Just 25 minutes of vigorous daily exercise can help beat depression, claim doctors.
By Richard Alleyne, Science Correspondent
Published: 1:17PM BST 12 Apr 2010
Researchers found that a workout reduces stress and anger and boosts the sense of physical wellbeing.
They claim physical exercise should be more widely prescribed as a treatment to tackle depressive or anxiety disorders.
"Exercise can fill the gap for people who can't receive traditional therapies because of cost or lack of access, or who don't want to because of the perceived social stigma associated with these treatments," he said.
"Exercise also can supplement traditional treatments, helping patients become more focused and engaged.
"Individuals who exercise report fewer symptoms of anxiety and depression, and lower levels of stress and anger.
"Exercise appears to affect, like an antidepressant, particular neurotransmitter systems in the brain, and it helps patients with depression re-establish positive behaviours."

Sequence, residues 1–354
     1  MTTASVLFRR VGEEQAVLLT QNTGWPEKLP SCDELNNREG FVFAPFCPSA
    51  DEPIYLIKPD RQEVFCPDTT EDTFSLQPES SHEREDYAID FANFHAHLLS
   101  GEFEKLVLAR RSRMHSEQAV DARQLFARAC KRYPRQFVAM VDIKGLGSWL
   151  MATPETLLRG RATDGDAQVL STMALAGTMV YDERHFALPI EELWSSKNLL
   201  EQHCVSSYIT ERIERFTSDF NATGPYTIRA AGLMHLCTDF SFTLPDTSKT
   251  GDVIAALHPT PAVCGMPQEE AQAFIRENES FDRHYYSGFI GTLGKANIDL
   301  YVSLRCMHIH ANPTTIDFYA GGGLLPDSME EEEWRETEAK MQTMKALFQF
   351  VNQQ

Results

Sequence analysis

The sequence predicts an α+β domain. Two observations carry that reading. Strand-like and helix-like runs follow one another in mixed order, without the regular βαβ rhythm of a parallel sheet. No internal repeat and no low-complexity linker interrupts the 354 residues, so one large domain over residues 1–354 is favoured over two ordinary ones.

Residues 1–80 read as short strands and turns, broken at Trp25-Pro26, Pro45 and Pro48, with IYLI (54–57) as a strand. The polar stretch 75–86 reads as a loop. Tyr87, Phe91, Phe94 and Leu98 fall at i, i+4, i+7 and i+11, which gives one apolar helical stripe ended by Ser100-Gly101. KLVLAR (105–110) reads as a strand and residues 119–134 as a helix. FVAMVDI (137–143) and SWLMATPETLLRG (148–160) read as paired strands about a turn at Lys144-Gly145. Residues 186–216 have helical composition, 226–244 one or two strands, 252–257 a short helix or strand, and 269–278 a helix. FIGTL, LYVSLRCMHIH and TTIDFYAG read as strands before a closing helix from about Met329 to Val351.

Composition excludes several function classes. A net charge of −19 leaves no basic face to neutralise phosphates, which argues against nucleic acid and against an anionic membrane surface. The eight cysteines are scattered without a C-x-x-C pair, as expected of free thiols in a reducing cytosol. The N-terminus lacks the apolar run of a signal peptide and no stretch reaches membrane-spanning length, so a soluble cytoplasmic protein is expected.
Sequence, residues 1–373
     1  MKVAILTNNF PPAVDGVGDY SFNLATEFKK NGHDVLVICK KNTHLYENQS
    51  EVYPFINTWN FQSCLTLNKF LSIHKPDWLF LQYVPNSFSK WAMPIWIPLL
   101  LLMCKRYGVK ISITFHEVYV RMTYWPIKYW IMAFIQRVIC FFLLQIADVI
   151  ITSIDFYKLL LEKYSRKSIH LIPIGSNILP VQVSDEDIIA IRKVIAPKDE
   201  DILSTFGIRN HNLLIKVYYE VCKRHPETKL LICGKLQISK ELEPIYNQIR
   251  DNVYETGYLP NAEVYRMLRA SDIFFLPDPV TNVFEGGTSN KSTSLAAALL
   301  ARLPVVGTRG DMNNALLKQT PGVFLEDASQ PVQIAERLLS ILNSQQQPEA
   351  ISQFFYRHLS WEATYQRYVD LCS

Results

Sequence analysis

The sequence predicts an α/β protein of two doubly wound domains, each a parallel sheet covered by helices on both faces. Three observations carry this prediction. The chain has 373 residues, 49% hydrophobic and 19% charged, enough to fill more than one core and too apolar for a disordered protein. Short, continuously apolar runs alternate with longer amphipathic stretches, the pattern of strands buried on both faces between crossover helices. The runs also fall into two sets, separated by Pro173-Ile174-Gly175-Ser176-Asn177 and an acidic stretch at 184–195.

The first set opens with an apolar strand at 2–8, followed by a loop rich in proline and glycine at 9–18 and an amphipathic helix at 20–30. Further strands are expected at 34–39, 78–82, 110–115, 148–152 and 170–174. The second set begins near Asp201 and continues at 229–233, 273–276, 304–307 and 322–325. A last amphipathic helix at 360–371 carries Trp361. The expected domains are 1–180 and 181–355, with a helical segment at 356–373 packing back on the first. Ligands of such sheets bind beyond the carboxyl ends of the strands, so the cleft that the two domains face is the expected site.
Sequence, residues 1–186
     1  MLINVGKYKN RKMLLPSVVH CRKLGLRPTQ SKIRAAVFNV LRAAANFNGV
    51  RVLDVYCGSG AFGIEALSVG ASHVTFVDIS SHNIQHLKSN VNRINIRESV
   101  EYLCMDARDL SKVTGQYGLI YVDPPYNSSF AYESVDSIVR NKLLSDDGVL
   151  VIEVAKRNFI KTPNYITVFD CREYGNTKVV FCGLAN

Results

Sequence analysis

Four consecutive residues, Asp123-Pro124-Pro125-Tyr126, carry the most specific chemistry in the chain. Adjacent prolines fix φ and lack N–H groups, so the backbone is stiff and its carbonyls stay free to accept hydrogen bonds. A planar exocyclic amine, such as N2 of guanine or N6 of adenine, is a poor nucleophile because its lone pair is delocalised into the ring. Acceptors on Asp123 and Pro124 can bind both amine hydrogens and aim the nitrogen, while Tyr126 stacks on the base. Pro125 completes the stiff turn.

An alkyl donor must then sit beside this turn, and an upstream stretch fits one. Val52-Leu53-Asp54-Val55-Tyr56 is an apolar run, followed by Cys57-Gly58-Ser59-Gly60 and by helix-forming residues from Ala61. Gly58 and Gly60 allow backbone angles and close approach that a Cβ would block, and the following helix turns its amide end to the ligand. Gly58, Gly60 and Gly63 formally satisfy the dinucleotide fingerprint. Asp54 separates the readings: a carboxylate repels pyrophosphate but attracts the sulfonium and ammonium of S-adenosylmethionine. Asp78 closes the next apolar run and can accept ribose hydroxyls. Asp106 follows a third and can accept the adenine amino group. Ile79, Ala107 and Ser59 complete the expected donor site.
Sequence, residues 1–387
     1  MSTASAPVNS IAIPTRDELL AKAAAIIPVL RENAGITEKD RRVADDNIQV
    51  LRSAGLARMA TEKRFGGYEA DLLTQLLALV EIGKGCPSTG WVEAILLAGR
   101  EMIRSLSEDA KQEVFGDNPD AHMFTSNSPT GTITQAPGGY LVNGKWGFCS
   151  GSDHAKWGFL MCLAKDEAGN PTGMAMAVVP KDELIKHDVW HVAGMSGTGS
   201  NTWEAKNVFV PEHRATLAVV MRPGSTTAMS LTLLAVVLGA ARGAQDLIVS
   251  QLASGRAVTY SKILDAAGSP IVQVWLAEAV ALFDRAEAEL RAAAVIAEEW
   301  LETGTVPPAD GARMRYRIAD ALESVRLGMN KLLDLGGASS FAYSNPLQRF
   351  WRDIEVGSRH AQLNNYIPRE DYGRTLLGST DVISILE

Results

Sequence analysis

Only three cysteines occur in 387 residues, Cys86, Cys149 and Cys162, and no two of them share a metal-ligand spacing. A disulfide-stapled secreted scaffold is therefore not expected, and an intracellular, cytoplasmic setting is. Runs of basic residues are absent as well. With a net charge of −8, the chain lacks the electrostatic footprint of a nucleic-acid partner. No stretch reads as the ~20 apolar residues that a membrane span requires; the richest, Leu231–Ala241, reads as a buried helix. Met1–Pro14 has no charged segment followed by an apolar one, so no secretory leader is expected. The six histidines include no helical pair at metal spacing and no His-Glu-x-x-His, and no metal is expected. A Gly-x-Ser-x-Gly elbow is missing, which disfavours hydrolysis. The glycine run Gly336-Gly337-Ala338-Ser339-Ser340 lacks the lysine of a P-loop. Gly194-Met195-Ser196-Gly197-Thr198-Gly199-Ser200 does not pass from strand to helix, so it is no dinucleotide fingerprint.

The team from the university's Anxiety Research and Treatment Programme analysed past studies and found traditional treatments of cognitive behavioural therapy and drug treatments do not reach everyone who needs them.
However exercise could help relieve symptoms such as "fears of fear and related bodily sensations such as a racing heart and rapid breathing".
"The more therapists who are trained in exercise therapy, the better off patients will be," Prof Smits said.
Patients were subjected to either 150 minutes a week of moderate-intensity activity or 75 minutes a week of vigorous-intensity activity.
He said: "Rather than emphasise the long-term health benefits of an exercise program � which can be difficult to sustain � we urge providers to focus with their patients on the immediate benefits.
"After just 25 minutes, your mood improves, you are less stressed, you have more energy � and you'll be motivated to exercise again tomorrow. A bad mood is no longer a barrier to exercise � it is the very reason to exercise."
As well as an exercise regime, patients also benefit from a daily schedule and targets which may also help in combating the mental illness.
The findings were presented at the annual conference of the Anxiety Disorder Association of America in Baltimore.